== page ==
Not Suitable For Children begins like an episode of Skins. Housemates Stevie, Gus and Jonah have hatched a plan: throw awesome house parties, collect money from guests, and profit. Life is perfect (as perfect as life can get when you’re twenty-something and cruising through life) until for Jonah, it isn’t.
During a drunken sexual encounter with ‘Stalker Becky’, a lump is discovered. (“It’s kinda hot…” Becky mumbles.) A trip to the doctor later, Jonah learns he has testicular cancer. After surgery, he will not be able to father children. And thus it begins.
Ryan Kwanten plays Jonah, a perpetually bemused twenty-something. A little naive and often seemingly lost for words, he is an awkward-but-charming protagonist in line with many other ‘hip’ Gen Y characters (see: any Michael Cera character ever). Kwanten evokes parts of other characters he has played (Vinnie from Home And Away also was diagnosed with testicular cancer, while Jason Stackhouse in True Blood and Oliver from New Girl have the same wide-eyed earnestness about them).
Much like a child being told he will never ever be able to have ice cream again (but not really), Jonah sets off to impregnate someone. Being relatively sane, his housemate Gus (Ryan Corr) tries to foil his plans. Because of reasons, his other housemate, Stevie (Sarah Snook), tries to help. Zany misadventures follow, including more house parties, lies and awkward meetings with exes and lesbian couples. Also sex. Lots of sex.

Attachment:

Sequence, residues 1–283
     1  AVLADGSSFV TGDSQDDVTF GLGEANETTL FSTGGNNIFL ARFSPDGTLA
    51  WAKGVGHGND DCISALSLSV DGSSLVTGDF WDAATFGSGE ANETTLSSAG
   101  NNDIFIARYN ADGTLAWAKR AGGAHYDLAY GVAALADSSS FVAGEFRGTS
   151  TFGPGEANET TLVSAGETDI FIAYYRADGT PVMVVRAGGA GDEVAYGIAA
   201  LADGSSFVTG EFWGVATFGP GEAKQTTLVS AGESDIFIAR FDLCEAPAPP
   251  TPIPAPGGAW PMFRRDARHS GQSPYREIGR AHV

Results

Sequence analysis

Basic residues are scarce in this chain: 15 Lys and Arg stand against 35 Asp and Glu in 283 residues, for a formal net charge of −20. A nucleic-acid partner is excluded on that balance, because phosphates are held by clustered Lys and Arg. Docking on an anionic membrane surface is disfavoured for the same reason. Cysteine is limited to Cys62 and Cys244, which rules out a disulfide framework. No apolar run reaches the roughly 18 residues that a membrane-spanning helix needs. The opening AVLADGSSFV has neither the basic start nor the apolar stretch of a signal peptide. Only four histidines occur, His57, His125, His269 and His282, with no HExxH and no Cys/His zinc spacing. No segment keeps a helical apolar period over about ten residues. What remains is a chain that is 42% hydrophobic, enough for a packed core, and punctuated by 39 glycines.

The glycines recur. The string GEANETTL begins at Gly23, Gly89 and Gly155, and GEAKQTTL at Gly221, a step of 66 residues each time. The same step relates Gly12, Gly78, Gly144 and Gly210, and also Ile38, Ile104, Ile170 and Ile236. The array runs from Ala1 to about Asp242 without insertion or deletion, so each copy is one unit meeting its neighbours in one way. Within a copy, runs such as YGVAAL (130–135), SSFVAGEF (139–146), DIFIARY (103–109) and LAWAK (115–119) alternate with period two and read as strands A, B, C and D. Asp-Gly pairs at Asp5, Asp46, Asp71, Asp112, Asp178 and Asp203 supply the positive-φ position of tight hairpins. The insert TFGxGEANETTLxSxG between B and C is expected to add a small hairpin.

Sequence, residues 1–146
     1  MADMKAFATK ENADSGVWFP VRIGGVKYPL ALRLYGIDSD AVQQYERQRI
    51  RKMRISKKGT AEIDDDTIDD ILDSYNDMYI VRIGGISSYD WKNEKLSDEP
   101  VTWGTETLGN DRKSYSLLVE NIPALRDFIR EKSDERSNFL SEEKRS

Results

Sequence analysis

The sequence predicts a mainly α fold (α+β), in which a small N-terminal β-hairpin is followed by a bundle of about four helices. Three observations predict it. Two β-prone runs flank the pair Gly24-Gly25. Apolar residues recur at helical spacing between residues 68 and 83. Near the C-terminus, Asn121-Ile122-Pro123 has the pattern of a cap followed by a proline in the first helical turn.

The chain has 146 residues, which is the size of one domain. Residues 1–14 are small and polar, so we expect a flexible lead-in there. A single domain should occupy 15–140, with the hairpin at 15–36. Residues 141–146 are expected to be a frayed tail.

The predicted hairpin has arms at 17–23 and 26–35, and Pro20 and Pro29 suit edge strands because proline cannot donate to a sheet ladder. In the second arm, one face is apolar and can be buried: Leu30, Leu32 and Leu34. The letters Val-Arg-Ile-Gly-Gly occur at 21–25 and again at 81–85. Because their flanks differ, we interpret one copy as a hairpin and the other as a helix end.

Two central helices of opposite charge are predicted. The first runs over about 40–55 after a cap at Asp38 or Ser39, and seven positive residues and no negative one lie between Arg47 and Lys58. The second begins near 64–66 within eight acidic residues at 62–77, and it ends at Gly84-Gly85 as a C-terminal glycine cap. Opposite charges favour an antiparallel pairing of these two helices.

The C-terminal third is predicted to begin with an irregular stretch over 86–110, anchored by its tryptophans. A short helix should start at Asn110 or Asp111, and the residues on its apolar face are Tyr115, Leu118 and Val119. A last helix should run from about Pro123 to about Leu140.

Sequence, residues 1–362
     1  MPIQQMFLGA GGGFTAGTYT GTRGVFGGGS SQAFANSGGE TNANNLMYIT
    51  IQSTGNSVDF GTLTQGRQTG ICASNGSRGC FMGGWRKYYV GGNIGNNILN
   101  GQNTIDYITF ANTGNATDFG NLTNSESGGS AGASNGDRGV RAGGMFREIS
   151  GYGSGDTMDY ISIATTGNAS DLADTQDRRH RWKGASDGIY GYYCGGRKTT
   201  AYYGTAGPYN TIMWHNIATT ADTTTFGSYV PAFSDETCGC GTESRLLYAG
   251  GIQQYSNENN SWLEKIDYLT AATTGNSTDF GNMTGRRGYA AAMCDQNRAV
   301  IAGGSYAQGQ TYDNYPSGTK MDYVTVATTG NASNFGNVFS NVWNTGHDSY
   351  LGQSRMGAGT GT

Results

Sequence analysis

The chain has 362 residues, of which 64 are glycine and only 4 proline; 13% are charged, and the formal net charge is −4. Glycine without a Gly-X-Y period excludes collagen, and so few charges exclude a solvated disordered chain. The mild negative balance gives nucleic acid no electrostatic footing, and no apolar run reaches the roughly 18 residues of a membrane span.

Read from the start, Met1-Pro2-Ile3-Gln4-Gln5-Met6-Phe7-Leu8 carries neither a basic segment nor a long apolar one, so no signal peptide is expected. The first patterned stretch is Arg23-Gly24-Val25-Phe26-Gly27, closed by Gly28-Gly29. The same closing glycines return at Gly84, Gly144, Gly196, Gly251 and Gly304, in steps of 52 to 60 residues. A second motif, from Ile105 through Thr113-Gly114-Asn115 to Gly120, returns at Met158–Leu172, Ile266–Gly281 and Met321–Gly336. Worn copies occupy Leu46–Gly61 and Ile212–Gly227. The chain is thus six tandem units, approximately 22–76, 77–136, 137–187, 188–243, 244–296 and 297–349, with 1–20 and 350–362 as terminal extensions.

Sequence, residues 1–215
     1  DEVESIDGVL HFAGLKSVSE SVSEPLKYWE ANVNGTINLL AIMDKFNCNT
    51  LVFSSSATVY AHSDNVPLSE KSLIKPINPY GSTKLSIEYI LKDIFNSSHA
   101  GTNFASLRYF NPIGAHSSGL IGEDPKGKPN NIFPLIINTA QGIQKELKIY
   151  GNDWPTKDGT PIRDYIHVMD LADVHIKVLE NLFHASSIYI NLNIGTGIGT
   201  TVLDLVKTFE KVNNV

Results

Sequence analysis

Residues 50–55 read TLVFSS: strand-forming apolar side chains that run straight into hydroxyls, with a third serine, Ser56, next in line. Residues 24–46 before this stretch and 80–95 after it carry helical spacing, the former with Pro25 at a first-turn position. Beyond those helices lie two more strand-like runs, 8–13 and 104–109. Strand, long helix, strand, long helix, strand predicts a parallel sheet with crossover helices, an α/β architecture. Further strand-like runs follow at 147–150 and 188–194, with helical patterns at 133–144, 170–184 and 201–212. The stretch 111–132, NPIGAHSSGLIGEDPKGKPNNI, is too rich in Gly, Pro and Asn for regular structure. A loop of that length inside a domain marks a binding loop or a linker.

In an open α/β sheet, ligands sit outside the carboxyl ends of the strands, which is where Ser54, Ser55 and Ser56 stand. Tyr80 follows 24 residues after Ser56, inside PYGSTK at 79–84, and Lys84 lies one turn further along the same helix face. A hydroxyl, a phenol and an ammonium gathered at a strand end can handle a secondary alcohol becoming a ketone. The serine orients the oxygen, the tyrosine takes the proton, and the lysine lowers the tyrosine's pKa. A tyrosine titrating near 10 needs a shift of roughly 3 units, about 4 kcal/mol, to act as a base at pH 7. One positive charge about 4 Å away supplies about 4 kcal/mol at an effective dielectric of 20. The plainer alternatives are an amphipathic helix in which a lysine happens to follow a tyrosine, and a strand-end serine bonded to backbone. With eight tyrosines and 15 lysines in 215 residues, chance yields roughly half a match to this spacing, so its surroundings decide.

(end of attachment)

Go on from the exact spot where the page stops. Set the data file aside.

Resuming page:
The characters are both real and likeable, and while you might shudder at the idea of a clueless, directionless guy like Jonah raising a baby, you can’t help but hope he does manage to convince someone to carry his soon-to-be-doomed sperm. Sarah Snook’s Stevie is somehow Emma Stone-like, whether it’s the red hair or her portrayal of a woman who might not know exactly what she wants, but won’t let anyone push her around in the meantime. Gus is the loyal and surprisingly sensible best friend who also provides a lot of the comic relief.
The end doesn’t come as a great surprise, so if you’re after suspense, this isn’t what you’re looking for. Still, the film is a surprisingly good watch. Although it does bear the much-maligned label of “Australian movie”, it carefully avoids bogans, deserts and crocodiles.
Instead, it’s more of an indie romantic comedy. By substituting deserts and beaches for train stations and suburban streets, director Peter Templeman creates a relevant film that could easily have been shot in New York or London, which contributes to its all-round appeal. Add to that the long silences and bumbling, train-of-thought dialogue of many Gen Y movies (typified in movies such as Juno and Adventureland) and you have a film that manages to be both Australian and enjoyable.
(I feel I should add that Australian movies aren’t instantly terrible, but a lot of moviegoers dismiss them straight away. Don’t dismiss this one.)